We see Palladio’s work reflected most clearly in buildings like Landmark’s Auchinleck House, a grand villa built for biographer James Boswell’s father in 1760. It’s an example of the ideal of cultured life outside the city transplanted from the alluvial plains of the Veneto to the Ayrshire countryside, but the same elegant spaciousness prevails in both. There was playfulness too in the aristocratic Georgian mind, a peculiarly British trait. Georgian gentlemen used the clean clarity of classical Palladian principles in the follies and retreats they built to adorn their landscapes – fine miniature essays

like Whiteford Temple, Fox Hall or The Chateau. Another, The Bath House (1748) perfectly reflects the complexity of the Georgian mind. The rough-hewn rusticated exterior of the ground floor hides a grotto (full of latent possibilities) and cold plunge pool. While above, a smooth hexagonal turret conceals a shimmering room festooned with shells and artificial stalactites. The whole human psyche is here. Later in the century, some Georgians turned away from this cool Classicism (associated by now with the politics of Court supporters) to express their nostalgia for old freedoms through what they interpreted as the architecture of ancient British liberties – Gothic. The Gothic Temple at Stowe (1741) is a trailblazer for this. The Ruin at Hackfall (c.1760) follows a design by Robert Adam that explored another evolving theme in the late-Georgian period – the Picturesque. The Georgian Age thus contains much beyond Palladianism. And what of the homes of Georgians of the middling sort? Here the architectural themes of the age are expressed more in symmetry and simplicity than pediment and portico. Such facility for repetition allowed Georgian architecture to evolve during the huge explosion in building in London and other cities. Towards the top end of such new town houses we find Marshall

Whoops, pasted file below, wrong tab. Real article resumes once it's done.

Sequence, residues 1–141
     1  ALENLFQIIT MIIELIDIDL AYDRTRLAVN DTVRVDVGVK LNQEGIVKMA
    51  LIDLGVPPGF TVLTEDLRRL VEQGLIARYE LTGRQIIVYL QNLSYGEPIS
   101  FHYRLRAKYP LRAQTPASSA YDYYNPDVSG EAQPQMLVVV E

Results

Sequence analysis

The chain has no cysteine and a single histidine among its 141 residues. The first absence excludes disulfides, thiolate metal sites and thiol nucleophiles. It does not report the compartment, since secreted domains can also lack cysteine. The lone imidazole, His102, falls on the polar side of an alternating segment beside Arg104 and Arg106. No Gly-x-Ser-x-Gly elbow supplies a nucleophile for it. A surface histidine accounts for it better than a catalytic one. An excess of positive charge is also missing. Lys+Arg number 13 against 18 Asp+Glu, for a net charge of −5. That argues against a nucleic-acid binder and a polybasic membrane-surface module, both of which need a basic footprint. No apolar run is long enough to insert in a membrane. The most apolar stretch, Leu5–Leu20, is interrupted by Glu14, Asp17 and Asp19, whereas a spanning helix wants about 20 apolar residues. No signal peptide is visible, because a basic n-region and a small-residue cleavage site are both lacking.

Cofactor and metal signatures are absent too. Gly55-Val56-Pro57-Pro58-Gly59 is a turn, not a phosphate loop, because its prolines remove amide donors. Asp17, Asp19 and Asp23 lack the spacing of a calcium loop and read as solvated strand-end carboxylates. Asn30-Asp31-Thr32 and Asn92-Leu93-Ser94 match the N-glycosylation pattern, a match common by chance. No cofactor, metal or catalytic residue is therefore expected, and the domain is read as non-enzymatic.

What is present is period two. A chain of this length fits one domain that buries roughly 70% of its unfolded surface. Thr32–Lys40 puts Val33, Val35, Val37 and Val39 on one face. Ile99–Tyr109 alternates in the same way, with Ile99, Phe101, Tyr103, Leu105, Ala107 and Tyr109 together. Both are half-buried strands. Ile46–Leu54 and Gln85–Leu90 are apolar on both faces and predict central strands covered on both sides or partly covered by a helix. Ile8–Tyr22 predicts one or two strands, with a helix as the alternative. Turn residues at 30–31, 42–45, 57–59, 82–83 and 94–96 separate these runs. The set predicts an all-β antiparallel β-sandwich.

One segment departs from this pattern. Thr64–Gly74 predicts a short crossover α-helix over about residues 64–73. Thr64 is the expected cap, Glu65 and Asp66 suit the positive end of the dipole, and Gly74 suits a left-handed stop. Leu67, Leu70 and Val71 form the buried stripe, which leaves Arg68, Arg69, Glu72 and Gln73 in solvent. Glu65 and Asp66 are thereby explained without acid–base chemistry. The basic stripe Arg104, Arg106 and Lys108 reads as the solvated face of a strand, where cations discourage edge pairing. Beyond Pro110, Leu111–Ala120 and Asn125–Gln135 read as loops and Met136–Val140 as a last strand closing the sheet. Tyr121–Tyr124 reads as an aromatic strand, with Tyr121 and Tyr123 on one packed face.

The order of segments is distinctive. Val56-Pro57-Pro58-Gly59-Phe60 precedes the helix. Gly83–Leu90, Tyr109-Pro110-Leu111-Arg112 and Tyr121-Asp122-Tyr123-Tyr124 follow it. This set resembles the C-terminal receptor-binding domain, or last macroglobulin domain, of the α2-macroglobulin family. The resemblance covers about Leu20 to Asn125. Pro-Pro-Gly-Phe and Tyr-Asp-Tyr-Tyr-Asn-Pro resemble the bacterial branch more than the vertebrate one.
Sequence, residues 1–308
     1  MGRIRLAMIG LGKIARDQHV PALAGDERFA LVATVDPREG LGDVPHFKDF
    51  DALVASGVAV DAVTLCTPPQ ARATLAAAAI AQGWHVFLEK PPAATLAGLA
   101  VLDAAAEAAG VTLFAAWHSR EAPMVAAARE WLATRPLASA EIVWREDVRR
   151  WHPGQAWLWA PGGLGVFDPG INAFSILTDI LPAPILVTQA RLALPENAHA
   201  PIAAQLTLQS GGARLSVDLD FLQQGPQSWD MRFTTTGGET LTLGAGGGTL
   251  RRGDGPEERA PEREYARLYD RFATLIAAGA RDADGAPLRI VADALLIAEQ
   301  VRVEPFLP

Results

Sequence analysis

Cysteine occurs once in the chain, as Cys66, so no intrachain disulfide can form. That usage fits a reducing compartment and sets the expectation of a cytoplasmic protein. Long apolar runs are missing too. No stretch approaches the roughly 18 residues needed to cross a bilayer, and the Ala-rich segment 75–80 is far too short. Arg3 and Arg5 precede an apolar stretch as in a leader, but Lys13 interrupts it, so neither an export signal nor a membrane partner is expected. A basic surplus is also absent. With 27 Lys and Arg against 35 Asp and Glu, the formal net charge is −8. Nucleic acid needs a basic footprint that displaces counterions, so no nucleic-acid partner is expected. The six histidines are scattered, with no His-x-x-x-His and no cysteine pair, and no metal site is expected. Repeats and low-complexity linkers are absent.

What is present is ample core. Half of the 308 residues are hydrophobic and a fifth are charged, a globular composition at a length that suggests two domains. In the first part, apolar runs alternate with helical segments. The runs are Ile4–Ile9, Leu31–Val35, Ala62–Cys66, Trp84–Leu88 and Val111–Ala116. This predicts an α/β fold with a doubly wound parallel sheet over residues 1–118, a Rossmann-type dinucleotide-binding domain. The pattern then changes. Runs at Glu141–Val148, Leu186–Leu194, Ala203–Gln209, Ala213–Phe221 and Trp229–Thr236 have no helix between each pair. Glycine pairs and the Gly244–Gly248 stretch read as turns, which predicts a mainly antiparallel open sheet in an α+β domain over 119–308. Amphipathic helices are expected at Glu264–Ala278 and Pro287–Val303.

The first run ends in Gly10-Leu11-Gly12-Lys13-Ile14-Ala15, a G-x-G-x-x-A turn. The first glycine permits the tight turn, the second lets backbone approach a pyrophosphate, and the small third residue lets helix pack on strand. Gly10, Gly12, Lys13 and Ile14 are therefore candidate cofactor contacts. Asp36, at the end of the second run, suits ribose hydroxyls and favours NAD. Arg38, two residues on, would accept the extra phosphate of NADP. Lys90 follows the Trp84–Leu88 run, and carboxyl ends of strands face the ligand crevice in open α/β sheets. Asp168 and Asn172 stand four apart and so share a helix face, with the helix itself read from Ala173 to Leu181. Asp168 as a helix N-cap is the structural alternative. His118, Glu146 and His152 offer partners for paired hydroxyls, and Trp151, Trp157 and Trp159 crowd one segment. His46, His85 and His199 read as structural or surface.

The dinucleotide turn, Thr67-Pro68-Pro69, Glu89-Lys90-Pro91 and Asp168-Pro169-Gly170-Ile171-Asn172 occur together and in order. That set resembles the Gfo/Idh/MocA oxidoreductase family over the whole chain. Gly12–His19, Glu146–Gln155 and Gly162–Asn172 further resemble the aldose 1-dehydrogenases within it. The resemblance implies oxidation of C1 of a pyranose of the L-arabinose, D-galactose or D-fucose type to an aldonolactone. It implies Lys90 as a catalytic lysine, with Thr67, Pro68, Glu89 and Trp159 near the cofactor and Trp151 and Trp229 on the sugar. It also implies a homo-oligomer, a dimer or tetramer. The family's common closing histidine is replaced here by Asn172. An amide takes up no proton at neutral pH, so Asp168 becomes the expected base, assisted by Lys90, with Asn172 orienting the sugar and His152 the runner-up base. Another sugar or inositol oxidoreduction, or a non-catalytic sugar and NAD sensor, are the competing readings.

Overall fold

The Bath House sums up the playfulness of much Georgian architecture: a delightful shell festooned chamber (above) sits atop a rough hewn grotto with plunge pool (above right).